Open letter to Neel Kashkari

Dear Neel

I read that you are setting up a new research institute at the Minneapolis Fed to study inequality.

I think this is a good use of resources.

But I don’t think it’s appropriate for you to lead this or for your regional Fed to be seen to be majoring on this topic.

Fed independence is a valuable commodity, and this initiative puts it in peril.

To some it will look like you are using your discretion over regional Fed funds to push a political objective.

Your new President has Janet Yellen in his sights for simply keeping interest rates low in pursuit of the mandate.

The more conventionally conservative Congress have those amongst them that want to ‘Audit’ you, an initiative that stems partly from a concern [totally misplaced in my opinion] that you collectively lost your way by keeping interest rates low and undertaking unconventional policies like QE.

The risk that Fed appointees become politicised is aggravated by the politicians feeling that Fed employees use public money for political purposes.  Inequality is an unavoidably political topic.

Recent research and concerns about monetary policy have focused on how monetary policy works by redistributing;  and how inequality may have been a contributor to currently low real interest rates, which the Fed is accommodating.  But this would not warrant an institute for ‘Inequality’.  This would warrant a research agenda on the causes of low real interest rates;  or on whether there are alternative ways to implement monetary policy in pursuit of your mandate that have different consequences for inequality.

There is also an unfortunate personal angle to this.  Your prior pursuit of political office is bound to be used by some as evidence that this new initiative is part of an agenda to propel you once again into that career.  I don’t doubt your motives, but others might.

The best way to pursue this would be to leave the Fed and try to fund it conventionally, from NSF research grants, corporates, or wealthy philanthropists.  Inequality is rightly THE topic for those worrying about how to preserve the fruits of the enlightenment, and what we here in the UK call the mixed economy welfare state version of capitalism.  So I think you’d find there would be no shortage of willing participants.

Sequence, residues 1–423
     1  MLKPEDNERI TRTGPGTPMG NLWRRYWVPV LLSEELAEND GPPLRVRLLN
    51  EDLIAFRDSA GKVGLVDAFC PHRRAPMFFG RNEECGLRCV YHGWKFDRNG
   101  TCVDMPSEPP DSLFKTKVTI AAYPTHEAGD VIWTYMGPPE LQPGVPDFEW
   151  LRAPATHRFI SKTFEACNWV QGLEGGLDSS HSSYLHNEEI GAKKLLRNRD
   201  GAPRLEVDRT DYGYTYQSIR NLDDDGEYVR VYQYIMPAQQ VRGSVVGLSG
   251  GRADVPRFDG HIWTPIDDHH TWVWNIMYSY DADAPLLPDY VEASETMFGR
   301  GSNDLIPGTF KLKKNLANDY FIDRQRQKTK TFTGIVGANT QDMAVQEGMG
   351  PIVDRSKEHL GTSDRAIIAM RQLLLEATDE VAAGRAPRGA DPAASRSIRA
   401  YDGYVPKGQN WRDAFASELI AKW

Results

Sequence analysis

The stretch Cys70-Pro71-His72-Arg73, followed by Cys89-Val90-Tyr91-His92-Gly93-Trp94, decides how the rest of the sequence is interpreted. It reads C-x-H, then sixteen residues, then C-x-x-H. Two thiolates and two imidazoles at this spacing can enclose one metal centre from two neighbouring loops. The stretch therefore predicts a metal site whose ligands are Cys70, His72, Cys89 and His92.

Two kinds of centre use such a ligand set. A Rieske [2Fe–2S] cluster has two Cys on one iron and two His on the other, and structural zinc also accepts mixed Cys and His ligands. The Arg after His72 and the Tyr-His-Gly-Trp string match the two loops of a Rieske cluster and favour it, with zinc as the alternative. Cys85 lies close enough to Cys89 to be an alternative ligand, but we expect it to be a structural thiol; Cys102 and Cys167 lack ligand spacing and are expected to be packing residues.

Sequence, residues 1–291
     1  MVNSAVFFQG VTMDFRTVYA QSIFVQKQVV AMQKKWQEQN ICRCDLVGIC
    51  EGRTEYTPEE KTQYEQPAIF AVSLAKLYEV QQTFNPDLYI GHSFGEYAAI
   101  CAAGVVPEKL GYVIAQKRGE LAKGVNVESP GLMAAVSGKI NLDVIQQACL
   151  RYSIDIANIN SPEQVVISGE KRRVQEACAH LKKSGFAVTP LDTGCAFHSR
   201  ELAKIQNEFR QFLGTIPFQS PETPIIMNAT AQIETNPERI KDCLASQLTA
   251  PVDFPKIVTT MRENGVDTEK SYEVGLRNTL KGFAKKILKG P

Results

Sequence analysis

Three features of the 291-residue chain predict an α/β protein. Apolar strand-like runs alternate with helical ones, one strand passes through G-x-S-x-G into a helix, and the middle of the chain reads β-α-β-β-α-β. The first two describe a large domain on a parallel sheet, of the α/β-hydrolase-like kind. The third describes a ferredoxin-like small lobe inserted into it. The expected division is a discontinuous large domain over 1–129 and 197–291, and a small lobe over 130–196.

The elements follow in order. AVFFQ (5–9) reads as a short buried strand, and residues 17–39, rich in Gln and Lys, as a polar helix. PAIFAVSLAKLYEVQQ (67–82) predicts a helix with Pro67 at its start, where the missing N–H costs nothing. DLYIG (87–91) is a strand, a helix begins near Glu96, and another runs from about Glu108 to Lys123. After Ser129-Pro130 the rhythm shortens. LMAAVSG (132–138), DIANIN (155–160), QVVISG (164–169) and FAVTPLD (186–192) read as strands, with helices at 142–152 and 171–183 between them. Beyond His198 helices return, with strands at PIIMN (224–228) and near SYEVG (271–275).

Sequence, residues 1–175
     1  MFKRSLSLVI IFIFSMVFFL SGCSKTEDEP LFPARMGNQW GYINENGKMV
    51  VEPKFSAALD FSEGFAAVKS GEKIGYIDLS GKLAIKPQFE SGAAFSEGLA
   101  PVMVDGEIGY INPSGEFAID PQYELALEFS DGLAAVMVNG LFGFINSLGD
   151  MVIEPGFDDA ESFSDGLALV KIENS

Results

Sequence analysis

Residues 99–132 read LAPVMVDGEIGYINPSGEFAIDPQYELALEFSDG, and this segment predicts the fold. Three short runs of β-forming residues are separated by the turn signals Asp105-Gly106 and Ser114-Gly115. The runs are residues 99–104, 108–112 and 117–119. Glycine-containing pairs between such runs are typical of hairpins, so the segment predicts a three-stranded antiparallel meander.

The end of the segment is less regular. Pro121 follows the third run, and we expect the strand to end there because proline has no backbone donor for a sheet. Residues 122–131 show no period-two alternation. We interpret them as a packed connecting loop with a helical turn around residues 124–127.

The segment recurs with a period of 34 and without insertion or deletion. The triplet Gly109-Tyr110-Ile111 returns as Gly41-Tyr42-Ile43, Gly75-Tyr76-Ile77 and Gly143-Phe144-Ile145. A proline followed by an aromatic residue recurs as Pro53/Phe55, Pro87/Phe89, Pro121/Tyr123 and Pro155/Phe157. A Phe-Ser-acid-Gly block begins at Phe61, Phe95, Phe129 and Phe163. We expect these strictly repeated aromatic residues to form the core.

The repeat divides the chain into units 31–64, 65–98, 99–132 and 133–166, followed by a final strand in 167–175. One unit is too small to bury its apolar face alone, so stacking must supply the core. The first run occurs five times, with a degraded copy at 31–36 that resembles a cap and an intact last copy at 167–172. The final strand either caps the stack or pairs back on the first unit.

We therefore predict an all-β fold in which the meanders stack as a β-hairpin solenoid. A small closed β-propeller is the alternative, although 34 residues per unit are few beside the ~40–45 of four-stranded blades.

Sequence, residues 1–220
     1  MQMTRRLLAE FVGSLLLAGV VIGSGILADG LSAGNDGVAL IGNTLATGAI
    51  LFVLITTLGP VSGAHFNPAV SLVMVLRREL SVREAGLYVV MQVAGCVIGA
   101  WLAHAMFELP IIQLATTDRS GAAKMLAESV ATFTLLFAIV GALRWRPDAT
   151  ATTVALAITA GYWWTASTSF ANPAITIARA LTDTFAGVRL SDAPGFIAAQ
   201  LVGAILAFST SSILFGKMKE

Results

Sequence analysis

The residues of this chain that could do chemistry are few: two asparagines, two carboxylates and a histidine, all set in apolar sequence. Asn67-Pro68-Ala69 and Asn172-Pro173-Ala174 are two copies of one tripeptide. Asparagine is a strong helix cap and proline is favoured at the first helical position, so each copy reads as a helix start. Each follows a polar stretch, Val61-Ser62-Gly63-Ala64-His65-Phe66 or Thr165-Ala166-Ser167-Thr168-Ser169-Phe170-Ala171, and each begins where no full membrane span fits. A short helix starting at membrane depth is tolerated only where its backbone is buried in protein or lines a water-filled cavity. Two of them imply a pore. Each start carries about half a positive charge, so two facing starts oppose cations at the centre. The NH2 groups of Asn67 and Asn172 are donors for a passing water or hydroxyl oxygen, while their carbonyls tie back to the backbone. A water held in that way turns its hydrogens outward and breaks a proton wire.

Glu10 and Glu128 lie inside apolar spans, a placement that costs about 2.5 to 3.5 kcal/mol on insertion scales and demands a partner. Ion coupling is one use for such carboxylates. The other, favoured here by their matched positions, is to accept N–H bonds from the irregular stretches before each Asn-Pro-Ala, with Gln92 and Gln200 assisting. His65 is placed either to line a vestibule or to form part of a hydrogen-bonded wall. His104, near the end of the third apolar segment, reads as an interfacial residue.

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3 Responses to Open letter to Neel Kashkari

  1. Spencer says:

    Inequality stems from a cessation in the circuit income velocity of funds (not putting the upper income quintiles’ savings “back to work”). All bank-held savings (DFIs), are lost to both consumption and investment (as the CBs always create new money when they lend/invest). This is indisputably the source of secular strangulation. In almost every instance in which Keynes wrote the term bank in the General Theory it is necessary to substitute the term financial intermediary in order to make his statement correct.

  2. Spencer says:

    The deceleration in N-gDp and bull market in bonds started in 1981. This was because of the saturation in DD Vt, i.e., financial innovation for the commercial bank’s deposit classifications peaked then (viz. the widespread intro of ATS, NOW, and MMDA depositor accounts). Money velocity falls as there is a limit to how many can economize on their accruing obligations and unforeseen contingencies (Alfred Marshall’s “money paradox”). The remuneration of IBDDs exacerbates this phenomenon. Unless the CBs are driven out of the savings business the entire world will enter a prolonged economic depression.

  3. annoporci says:

    This is wrong on so many levels.

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